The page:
Biting is annoying and can even be dangerous, but since birds are prey species, punishing them can be damaging – both physically and emotionally.
The best response to a bird nipping painlessly on your flesh is no response at all. Some birds perceive almost any response as reinforcement for their behavior. After all, behavior that isn’t reinforced isn’t likely to become a habit.
What if it’s more than a “nip”? If your bird bites your hand, move it toward him, and he’ll have to let go as your hand approaches his body. If your bird bites another part of you, remove him immediately, using a towel if necessary.
Good care fosters good behavior. Make sure your bird has the right size and type of cage, proper cage placement, sufficient exercise, adequate sleep, clean water for drinking and bathing, good food and ample opportunities for interaction.
Practice Patterning Routines
Pet birds can be taught good behavior and cooperation through redundant, happy, patterning routines. The most commonly discussed patterning routine for parrots is “step-ups,” which involves a human prompt for the bird to step onto a hand or perch. The bird learns what’s expected by practicing stepping from hand-to-hand, and from hand-held-perch to hand, or perch-on-command.
Practice in safe, neutral territory and be sure that your hand is approaching from below, toward your bird’s belly rather than from the front. With regular practice, a strong verbal command to “step-up” is then always greeted with a little lifted foot. Actually, once your bird learns to associate happy interaction with the words “step-up,” he’ll probably begin using those words when he wants to be picked up.
Companion parrots must also learn to enjoy, appreciate, or at least tolerate towels. They learn this by playing games such as “peek-a-boo” from behind a towel or “find-the-toy.” The more you play, the more easily you’ll be able to stimulate these interactions later. All this cooperation patterning when your bird is one, two, three, or five years old, is intended to prevent the development of uncooperative or violent behavior later, when he reaches sexual maturity.
Distracting to Prevent Biting
If a previously well-patterned bird is learning to bite, you want to re-pattern the bird to cooperative behavior. It’s easier to stimulate successful distractions if you can see a bite coming and respond before the bird takes a nip. Practicing step-ups or other enjoyable routines in unfamiliar territory can help your bird shift gears. The following are other distraction games you can “play” with your bird:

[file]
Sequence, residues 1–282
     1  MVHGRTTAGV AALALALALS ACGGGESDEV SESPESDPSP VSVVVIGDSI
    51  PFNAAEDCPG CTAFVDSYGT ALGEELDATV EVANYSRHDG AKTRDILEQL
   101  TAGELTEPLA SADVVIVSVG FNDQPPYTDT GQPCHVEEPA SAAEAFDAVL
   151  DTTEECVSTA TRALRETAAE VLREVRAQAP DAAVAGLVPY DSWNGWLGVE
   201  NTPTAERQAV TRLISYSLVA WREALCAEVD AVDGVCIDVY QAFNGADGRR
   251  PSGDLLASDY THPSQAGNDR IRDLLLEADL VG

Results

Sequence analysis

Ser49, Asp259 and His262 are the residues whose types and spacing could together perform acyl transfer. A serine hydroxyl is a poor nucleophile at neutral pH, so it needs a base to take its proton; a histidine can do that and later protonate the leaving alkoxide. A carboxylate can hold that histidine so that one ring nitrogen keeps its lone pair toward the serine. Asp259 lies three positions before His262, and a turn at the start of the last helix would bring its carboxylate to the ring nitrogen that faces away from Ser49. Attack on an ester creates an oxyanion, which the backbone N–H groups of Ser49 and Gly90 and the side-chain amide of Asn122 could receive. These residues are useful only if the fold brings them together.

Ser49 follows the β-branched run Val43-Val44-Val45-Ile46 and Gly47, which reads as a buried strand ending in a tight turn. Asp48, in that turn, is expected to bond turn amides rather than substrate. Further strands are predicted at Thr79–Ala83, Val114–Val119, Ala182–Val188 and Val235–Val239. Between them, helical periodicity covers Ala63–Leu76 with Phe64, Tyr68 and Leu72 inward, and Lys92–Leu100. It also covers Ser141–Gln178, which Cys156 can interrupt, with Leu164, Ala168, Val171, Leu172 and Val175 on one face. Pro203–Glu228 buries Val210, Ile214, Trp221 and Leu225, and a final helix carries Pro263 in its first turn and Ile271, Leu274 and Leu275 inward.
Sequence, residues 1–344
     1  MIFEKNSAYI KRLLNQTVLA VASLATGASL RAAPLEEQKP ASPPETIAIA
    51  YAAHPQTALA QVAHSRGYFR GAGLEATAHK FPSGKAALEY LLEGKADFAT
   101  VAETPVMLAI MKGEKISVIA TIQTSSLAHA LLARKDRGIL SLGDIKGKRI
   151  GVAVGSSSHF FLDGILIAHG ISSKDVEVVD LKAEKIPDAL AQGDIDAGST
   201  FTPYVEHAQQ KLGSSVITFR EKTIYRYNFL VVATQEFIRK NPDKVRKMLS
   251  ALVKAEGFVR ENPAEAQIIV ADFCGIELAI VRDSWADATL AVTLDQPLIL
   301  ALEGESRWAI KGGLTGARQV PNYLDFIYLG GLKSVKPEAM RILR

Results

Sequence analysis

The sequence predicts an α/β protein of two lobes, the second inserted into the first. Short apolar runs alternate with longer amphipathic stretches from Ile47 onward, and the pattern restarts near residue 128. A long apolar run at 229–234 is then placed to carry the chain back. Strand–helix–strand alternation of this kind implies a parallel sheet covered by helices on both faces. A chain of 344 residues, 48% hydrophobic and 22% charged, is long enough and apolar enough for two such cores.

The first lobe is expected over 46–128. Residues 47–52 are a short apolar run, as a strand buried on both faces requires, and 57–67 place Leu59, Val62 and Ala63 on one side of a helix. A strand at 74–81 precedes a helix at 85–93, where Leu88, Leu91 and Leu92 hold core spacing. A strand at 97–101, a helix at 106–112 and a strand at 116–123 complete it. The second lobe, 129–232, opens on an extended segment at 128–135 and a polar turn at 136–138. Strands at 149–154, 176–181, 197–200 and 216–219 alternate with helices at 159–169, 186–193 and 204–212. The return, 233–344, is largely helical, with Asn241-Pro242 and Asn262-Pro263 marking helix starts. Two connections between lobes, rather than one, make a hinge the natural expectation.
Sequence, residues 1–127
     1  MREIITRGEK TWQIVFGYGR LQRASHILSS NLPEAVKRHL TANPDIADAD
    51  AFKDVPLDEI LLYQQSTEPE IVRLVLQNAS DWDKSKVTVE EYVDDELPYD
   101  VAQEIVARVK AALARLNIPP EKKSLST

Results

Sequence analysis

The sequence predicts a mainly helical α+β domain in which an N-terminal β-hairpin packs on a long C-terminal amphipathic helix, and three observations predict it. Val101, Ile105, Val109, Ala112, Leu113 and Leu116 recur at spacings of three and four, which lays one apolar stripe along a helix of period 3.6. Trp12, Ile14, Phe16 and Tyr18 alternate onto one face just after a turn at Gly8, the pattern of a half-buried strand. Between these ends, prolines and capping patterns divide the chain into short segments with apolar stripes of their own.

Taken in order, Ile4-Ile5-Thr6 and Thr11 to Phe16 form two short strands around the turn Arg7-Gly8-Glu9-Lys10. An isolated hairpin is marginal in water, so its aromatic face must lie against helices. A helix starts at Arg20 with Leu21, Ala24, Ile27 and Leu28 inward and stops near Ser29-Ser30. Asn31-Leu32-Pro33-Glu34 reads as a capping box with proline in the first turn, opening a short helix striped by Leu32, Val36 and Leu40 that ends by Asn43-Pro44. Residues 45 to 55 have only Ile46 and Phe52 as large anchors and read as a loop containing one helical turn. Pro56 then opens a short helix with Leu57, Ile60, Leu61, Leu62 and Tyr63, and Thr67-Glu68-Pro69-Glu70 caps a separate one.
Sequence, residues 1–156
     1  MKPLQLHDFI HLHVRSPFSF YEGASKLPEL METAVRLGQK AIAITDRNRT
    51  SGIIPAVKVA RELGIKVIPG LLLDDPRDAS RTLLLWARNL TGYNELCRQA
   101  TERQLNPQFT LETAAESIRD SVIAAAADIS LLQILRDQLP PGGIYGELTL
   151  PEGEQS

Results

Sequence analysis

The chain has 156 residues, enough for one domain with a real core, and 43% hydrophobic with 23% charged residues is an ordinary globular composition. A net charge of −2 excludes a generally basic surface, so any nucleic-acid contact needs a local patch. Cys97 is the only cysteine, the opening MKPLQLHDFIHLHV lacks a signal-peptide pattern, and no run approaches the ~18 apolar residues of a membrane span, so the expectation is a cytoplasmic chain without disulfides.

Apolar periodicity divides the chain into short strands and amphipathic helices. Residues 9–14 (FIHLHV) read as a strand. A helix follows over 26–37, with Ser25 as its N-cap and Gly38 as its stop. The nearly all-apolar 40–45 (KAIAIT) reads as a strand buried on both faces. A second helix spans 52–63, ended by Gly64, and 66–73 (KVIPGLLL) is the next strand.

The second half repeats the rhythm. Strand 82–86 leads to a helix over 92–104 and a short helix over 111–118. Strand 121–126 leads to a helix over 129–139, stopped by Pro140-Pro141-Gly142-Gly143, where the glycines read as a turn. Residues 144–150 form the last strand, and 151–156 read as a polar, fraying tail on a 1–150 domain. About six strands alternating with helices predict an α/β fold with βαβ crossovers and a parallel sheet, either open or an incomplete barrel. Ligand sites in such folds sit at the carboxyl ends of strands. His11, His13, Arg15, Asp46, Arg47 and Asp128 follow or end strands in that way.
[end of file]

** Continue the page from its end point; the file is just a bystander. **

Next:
This device should only be used occasionally. If it’s being used frequently, then it isn’t working and should be discontinued. It’s best employed just before the nip, but may also be used just as the nip occurs. It doesn’t work at all if you try to use it after the nip.
When your nipping bird is sitting on a hand or hand-held perch, gently wobble or slightly turn your hand so your bird has to pay attention in order to regain his balance. Maintain eye contact and remind your bird either to “Be a good bird” or to “Be careful.” Be sure that your hand is being offered properly – coming from below and just over the feet near the place where the leg joins the belly – when prompting for a step-up. This must be done carefully with a shy bird so he doesn’t fall or get scared.
Good Hand/Bad Hand
The most common time for a nip or bite is when your bird is being removed from a familiar perch or from his cage. Here’s how to put a stop to that.
Maintain eye contact and offer your hand to be stepped on, being careful to always approach from below your bird. Just as your prompt hand begins its approach to your bird, present an unfamiliar object just out of reach of the bird’s beak (with one hand) and give the “step up” command (with the other hand) followed by “Be a good (or pretty) bird.”
Eye contact is especially important here. Your bird will often maintain eye contact rather than bite. If an introduced object distracts your bird, he’ll seek to regain eye contact rather than take the time to bite after being distracted. Even if your bird bites, the unfamiliar object will probably receive the bite. Note, however, that the distraction object must be nontoxic and big enough to be effective – yet not so big that it frightens the bird.